From a distance, the Rob Ford drama appears heading for a sad conclusion. If I believed in tipping points, I would say the situation has tipped over irretrievably. Other commentators believe that this is a leader who will have to be forced from office rather than resign. This view was expressed in The Guardian a few hours after this post was published [2nd November 2013].

Update

Nov 4th 2013 In his weekly radio broadcast, The Mayor apologizes for his mistakes but avoids admission of any criminal wrongdoing, or intention of standing down.


Charlotte Hogg appointed hew Chief Operating Officer at the Bank of England

June 21, 2013

Charlotte Hogg, new COO of the Bank of EnglandMark Carney, the incoming governor, has appointed Charlotte Hogg as Chief Operating Officer of The Bank of England running all day-to-day management functions.

The news this week [June 19th 2013] suggests evidence of changes accompanying the arrival of the new governor of the Bank of England.

Whenever a banker is appointed or leaves, the public is avid for further evidence of the cupidity our financial leaders. In this case, the figures speak for themselves. She will work for the same salary, £260,000 salary p.a. and benefits as the Bank’s three deputy governors. Last year she is reported to have earned, with bonuses, £2.5m in her senior post in Santander

According to the BBC

Charlotte Hogg, who like Carney studied at Oxford and Harvard, started her career at the Bank before moving to McKinsey in Washington. She has also worked at Morgan Stanley, before joining Experian as head of its operations in the UK and Ireland.
Hogg is descended from one of Britain’s most high profile political families. Her mother is Baroness (Sarah) Hogg, a senior adviser to Sir John Major when he was prime minister. Her father is Viscount Hailsham, the former Tory cabinet minister Douglas Hogg, who gained notoriety when he stepped down as an MP after claiming £2,200 expenses for cleaning the moat at his 13th-century country estate. Her paternal grandfather was Lord Hailsham, a former lord chancellor. “You can have too much of a good thing in one family,” Hogg once told her local newspaper.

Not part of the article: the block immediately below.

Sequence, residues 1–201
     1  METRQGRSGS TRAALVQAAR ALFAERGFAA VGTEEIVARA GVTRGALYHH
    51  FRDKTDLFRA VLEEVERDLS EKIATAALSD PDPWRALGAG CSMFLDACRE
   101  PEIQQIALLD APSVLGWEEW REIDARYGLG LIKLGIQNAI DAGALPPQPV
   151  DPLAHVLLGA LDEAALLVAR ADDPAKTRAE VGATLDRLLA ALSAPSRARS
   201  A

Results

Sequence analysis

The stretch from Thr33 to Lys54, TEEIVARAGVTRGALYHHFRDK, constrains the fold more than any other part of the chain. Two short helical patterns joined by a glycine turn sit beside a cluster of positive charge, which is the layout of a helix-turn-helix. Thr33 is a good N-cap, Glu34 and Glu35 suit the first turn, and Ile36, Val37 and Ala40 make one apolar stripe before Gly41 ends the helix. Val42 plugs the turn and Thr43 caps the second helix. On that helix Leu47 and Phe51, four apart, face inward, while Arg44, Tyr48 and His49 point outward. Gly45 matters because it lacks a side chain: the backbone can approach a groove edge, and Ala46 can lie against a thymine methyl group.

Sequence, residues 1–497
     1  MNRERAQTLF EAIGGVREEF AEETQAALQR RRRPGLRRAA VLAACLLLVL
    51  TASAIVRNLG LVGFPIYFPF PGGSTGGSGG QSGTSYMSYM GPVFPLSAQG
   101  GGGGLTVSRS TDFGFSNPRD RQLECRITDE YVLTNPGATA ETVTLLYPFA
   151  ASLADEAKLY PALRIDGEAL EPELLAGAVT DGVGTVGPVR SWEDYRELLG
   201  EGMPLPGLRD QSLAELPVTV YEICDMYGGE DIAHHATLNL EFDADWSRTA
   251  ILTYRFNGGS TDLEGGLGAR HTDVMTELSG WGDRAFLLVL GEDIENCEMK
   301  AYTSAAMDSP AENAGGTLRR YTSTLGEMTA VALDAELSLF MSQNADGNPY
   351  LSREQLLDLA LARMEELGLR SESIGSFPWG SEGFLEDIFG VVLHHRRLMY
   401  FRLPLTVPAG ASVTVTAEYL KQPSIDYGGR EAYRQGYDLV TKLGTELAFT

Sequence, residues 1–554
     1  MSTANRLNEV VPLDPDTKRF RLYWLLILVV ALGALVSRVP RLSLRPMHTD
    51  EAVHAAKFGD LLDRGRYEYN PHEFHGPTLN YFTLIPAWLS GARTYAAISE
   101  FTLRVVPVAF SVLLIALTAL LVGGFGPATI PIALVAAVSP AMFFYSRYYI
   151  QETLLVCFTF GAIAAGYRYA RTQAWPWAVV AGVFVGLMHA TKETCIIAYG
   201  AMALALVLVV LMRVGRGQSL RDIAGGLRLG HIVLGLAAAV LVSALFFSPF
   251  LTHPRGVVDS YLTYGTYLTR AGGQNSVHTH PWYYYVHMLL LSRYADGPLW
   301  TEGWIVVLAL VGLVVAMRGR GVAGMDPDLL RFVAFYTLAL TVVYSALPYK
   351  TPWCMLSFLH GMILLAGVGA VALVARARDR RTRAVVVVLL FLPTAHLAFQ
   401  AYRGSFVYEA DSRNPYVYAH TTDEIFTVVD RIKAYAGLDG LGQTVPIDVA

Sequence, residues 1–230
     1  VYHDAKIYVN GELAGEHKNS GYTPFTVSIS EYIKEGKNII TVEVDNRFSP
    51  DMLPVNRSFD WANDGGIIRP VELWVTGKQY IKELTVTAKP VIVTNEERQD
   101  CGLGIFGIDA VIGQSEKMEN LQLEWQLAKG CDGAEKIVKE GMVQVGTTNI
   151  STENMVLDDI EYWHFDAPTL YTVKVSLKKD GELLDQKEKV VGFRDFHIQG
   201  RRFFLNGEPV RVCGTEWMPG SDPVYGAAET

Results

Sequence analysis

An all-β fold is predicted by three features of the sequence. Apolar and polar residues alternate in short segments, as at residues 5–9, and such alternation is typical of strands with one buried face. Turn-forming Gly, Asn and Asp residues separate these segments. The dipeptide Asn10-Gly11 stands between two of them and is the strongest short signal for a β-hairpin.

Paul Tucker, the Bank’s deputy governor for financial stability who lost out on the top job to Carney, announced his intention to leave the Bank last week. Prior to Charlotte Hogg, the most senior woman at the Bank was Rachel Lomax, who served as a deputy governor from 2003 to 2008.

One small step for Charlotte …?

November 2014

The move to redress inequality in top financial posts is likely to be of limited impact. The proportion of women entering the Economics profession remains low.


Should the National Hockey League Players Association (NHLPA) be responsible for player safety on the ice?

November 20, 2012

Guy H.J. Bourbonnière,
Director of Canadian Healthcare & Educational Markets, and Comprehensive & Energy Solutions,
Ingersoll Rand

During this spring’s Hockey playoffs, Phoenix Coyotes winger Raffi Torres applied a vicious hit to the head of star player Marian Hossa of the Chicago Hawks. The National Hockey League imposed a 25 game suspension, which was quickly appealed by the Players association. The case reveals some interesting dilemmas.

An odd assumption

The NHLPA is made up of athlete members and executive leaders with the mandate to represent the players of the National Hockey League (NHL) and to guarantee that their rights as players are upheld under the terms of the Collective Bargaining Agreement. One of the odd assumptions is the players expect the NHL to protect their association members from one other’s misdemeanors.

The new collective bargaining agreement

The NHLPA is in the news [October 2012] as players come together to negotiate a new collective bargaining agreement with the NHL. There is no mention of the recent on-ice assaults.